Ceri’s work aims to improve the speed and performance of important imaging technology in healthcare, aerospace, nuclear and engineering—from figuring out how we can ignite a star on Earth for clean electricity generation, to using lasers to scan nuclear waste containers and map any hazardous materials inside.

She’s also exploring how to use laser-driven beams of anti-matter to detect defects below the surface of materials used on airplanes. She has also worked on laser-driven particle beams for cancer therapy.

Wednesday 15 August Event details

Media contacts: Rachael Vorwerk rachael@scienceinpublic.com.au or 0408 829 327

Engineering for humanity—touring Queensland

Careers in engineering and science can give people the skills to make a difference in the world. The ‘EWB Humanitarian Engineering Outreach Workshops’ show you how through a series of interactive workshops.

Students and professional engineers from Engineers Without Borders Australia will run workshops exploring the science and engineering involved in energy, water and sanitation hygiene, and housing construction. Workshops will be held in major metro and regional locations.

Multiple dates and locations. Event details

Media enquiries: Sofie Thielemans 0413 513 783 or Chloe Lahiff 0424 684 440

From up-start to start-up: Taj Pabara and Fiftysix Creations tour regional Queensland

Tweens and teens will get to team up with 18-year-old innovator and 2014 Australian Young Innovator of the Year Taj Pabari, who went from suspended schoolboy to educational entrepreneur.

Seven to 17-year-old children will have the opportunity to take part in science, technology and innovation workshops, exploring the world of entrepreneurship through modern day technologies including drone technology and tablet computers.

The workshop tour will visit Mount Isa, Bedourie, Boulia, Cloncurry, Birdsville and Longreach, and is run by Fiftysix Creations, a social enterprise founded by Taj Pabari, who is also its CEO.

Multiple dates and locations Event details

Media contacts: Tia Niarhos, tia@hellofiftysix.com or 0424 122 772

Gold Coast Schools Pop Up Science CenterHelensvale

Live Show Zone, Tech Zone, Science Walk, Butterfly Zone, Marine Zone and Drone Zone, as well as over 250 square meters of hands-on exhibits from Questacon.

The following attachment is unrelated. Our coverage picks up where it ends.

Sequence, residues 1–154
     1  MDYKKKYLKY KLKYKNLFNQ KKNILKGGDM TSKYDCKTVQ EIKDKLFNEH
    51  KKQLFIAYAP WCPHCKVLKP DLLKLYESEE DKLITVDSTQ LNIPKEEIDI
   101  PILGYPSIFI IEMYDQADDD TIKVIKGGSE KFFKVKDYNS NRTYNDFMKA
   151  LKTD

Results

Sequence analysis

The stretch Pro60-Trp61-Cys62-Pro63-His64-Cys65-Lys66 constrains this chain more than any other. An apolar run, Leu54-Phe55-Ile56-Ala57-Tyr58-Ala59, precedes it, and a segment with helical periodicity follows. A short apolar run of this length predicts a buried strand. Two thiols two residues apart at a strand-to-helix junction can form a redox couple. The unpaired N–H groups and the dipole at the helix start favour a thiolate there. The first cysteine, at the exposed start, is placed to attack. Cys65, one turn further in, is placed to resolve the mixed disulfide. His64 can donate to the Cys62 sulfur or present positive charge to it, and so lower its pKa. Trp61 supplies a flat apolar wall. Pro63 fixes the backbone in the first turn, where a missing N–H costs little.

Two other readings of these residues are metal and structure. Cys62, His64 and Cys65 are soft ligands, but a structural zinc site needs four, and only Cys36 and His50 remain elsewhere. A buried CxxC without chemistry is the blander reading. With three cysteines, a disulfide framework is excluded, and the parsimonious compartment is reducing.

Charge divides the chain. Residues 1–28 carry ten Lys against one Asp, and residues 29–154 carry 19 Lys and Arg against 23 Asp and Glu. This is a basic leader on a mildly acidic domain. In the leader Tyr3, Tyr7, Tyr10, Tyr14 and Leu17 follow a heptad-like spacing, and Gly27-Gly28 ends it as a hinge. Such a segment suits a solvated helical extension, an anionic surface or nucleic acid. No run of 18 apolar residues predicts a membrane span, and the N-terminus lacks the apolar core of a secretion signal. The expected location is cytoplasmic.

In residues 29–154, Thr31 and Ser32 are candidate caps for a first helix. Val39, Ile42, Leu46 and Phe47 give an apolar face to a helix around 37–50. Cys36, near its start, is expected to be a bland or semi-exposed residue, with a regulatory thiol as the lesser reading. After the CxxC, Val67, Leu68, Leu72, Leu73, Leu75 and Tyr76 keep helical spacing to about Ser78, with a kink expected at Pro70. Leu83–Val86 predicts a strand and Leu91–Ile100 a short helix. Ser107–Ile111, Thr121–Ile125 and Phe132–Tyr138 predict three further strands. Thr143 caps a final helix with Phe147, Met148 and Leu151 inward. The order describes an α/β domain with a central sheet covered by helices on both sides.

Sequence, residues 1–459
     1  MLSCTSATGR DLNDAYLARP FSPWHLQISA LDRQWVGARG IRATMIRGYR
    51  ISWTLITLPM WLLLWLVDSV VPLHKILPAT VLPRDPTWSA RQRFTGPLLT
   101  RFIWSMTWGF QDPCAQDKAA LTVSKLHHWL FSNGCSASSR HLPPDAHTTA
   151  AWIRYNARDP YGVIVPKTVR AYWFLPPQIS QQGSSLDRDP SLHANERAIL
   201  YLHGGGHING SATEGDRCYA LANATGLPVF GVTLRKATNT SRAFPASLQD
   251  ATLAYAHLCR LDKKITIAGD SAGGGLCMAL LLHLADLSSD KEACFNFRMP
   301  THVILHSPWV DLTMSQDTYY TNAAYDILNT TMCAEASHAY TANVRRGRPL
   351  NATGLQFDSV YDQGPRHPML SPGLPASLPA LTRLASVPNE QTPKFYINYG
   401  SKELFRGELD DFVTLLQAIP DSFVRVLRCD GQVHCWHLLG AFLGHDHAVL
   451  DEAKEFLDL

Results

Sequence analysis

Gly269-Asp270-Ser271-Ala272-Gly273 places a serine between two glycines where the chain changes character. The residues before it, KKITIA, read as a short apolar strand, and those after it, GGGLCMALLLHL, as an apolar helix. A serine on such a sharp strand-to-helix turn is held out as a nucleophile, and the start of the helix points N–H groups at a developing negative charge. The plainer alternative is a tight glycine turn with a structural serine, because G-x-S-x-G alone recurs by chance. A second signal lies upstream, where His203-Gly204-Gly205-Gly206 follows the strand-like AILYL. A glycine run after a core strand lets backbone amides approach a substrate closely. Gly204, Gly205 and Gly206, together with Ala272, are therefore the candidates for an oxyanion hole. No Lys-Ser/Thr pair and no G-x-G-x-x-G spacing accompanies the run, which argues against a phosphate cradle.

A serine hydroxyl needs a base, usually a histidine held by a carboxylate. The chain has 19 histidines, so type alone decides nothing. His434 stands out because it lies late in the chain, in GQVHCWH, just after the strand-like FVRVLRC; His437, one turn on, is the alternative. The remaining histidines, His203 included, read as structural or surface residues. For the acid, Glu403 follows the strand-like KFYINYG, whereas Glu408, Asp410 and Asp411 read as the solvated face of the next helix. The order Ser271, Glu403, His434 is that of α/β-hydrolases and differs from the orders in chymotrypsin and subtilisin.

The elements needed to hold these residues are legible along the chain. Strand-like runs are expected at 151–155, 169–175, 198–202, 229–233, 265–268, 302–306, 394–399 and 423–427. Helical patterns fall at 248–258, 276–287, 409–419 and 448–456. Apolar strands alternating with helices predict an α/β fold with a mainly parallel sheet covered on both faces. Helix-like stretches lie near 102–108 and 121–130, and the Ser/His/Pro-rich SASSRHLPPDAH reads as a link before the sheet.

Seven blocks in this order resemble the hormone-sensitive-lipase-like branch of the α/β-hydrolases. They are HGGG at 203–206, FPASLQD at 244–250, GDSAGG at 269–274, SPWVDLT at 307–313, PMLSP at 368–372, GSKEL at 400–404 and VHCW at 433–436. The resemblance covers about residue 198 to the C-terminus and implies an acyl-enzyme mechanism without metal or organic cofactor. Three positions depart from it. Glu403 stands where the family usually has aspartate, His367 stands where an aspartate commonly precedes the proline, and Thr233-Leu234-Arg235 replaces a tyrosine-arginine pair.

Want to know what a science centre would look like on the Gold Coast? Come along for a day filled with the Coast's very best hands-on science, technology, engineering and maths (STEM) activities, demonstrations, science shows and special guests.

Sunday 19 August Event details

Media enquiries: Anita Hazell, a.hazell@griffith.edu.au or 07 5552 7205

Virtual Reef Diver: dive into your computer screen to help scientists—national

Dive online to help the Great Barrier Reef this Science Week—and you could win a GoPro camera!

The ABC’s citizen science project Virtual Reef Diver is celebrating the International Year of the Reef, inviting people to dive through their computer screens into the Great Barrier Reef.

They will review and classify underwater images of the Reef to help scientists identify areas of sand, coral and algae to help build a better picture of coral cover. This work will allow scientists and reef managers to make critical decisions to ensure that the Reef has a future.

Keep an eye out for half-time virtual reef diving at the footy with the Broncos—Thursday 16 August at Suncorp Stadium.

The project has been developed by the Queensland University of Technology, in collaboration with a host of scientific and community organisations.

Monday 6 to Friday 31 August. www.virtualreef.org.au

Several researchers, divers and science communicators are available for interviews.

Media enquiries: Suzannah Lyons suzannah@scienceinpublic.com.au; 03 9398 1416, 0409 689 543